“Then the devil said to him, “If you are the Son of God, tell this stone to become a loaf of bread.”
4 But Jesus told him, “No! The Scriptures say, ‘People do not live by bread alone.’”
5 Then the devil took him up and revealed to him all the kingdoms of the world in a moment of time. 6 “I will give you the glory of these kingdoms and authority over them,” the devil said, “because they are mine to give to anyone I please. 7 I will give it all to you if you will worship me.”
8 Jesus replied, “The Scriptures say,
‘You must worship the Lord your God
and serve only him.’”
9 Then the devil took him to Jerusalem, to the highest point of the Temple, and said, “If you are the Son of God, jump off! 10 For the Scriptures say,
‘He will order his angels to protect and guard you.
11 And they will hold you up with their hands
so you won’t even hurt your foot on a stone.’”
12 Jesus responded, “The Scriptures also say, ‘You must not test the Lord your God.’”
13 When the devil had finished tempting Jesus, he left him until the next opportunity came.”
At this point, Satan threw some new angles of temptation at Jesus. He responded not just in the Spirit or by the Spirit, but with the word of God. I don’t imagine he was carrying a Torah scroll with him, so he relied on his biblical training and the spiritual disciplines of his Jewish community and his time alone with God.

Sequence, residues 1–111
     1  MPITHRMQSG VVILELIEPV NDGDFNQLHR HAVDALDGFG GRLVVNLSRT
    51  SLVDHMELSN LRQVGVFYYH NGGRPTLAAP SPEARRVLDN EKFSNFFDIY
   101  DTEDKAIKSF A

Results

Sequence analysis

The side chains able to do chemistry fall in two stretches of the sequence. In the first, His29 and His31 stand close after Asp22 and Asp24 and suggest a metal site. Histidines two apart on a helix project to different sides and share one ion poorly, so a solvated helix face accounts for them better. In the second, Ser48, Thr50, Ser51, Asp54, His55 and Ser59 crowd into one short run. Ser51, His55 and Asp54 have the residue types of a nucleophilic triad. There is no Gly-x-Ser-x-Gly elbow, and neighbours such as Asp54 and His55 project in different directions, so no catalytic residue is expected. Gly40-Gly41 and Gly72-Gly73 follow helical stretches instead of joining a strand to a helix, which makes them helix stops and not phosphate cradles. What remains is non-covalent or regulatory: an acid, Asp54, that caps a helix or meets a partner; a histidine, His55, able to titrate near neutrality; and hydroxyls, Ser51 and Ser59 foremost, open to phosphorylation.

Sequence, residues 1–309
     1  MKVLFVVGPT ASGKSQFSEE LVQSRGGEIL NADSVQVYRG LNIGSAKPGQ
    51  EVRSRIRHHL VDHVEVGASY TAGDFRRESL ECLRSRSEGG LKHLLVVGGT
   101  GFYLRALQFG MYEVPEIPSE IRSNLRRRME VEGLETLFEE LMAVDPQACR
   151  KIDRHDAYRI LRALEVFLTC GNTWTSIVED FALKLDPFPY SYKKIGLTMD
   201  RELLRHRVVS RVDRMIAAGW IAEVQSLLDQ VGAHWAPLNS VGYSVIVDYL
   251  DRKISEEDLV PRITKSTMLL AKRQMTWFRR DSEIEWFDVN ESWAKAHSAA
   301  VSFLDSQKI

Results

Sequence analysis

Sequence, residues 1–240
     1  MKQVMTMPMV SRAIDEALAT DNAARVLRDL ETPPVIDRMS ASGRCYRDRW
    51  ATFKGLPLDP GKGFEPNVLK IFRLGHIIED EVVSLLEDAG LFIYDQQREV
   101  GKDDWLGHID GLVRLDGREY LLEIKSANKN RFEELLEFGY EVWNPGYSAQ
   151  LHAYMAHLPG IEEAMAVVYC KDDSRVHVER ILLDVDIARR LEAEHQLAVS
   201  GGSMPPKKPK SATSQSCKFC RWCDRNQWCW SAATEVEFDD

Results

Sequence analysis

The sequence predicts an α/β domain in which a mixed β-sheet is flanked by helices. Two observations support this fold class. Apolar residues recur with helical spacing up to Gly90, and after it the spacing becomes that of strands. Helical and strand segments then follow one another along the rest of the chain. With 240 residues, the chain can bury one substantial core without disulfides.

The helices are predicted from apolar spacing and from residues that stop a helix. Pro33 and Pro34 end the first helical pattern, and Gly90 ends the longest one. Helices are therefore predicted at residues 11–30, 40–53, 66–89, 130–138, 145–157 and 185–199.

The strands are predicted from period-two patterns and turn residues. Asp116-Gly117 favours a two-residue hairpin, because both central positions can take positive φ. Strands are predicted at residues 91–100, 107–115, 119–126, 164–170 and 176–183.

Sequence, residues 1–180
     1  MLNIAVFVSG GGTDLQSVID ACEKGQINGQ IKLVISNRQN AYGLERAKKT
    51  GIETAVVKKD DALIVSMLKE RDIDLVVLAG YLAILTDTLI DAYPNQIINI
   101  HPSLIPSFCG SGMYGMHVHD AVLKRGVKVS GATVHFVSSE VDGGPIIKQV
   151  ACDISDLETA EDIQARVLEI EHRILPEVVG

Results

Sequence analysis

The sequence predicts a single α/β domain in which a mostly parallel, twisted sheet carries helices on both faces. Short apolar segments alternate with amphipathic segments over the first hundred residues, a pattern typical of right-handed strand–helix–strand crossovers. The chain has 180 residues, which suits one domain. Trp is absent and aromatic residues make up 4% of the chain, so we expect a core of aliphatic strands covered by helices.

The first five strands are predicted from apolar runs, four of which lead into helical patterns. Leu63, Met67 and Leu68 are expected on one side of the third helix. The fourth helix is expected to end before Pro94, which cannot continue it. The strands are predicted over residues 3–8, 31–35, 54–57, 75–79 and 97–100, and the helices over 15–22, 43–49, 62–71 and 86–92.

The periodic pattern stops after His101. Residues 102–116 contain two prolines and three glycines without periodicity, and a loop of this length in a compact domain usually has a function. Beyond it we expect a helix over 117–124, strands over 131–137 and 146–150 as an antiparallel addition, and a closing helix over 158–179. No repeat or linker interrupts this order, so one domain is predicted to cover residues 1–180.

We have those weapons available to us as well. We have the advantage of the whole Bible being available to us at any time in print and digital forms, but we do need to make it a habit to use them every day and throughout the day. I was struggling with reading my Bible and forgetting what I’d read during the day, so I’ve started making putting a verse from whatever passage I read on the home screen of my phone, so I see it frequently throughout the day. I’m thankful for all the verses I memorized as a child because memorizing is much more of a challenge as an adult, but the effort is still worth it. It is a way to meditate on Scripture, even if it doesn’t make it to my long-term memory.
Here’s one verse about temptation that I memorized as a child (in the King James Version, but I’ll quote it from the NIV) that is a great promise for every time we are facing temptations, big or small.
“No temptation has overtaken you except what is common to mankind. And God is faithful; he will not let you be tempted beyond what you can bear. But when you are tempted, he will also provide a way out so that you can endure it.” I Corinthians 10:13
The preceding verses in that chapter recount the temptations to which the Israelites had succumbed: sexual immorality, testing the Lord and grumbling. Paul points out that “These things happened to them as examples and were written down as warnings for us, on whom the culmination of the ages has come. So, if you think you are standing firm, be careful that you don’t fall!” I Corinthians 10:11-12 In short, he is telling us to defend ourselves from temptation, reading and learning from the examples and warnings in the Bible, and to be listening to the Holy Spirit who will make us aware when we have the potential to fall. These are the weapons that God gave to Jesus and that He has given to us!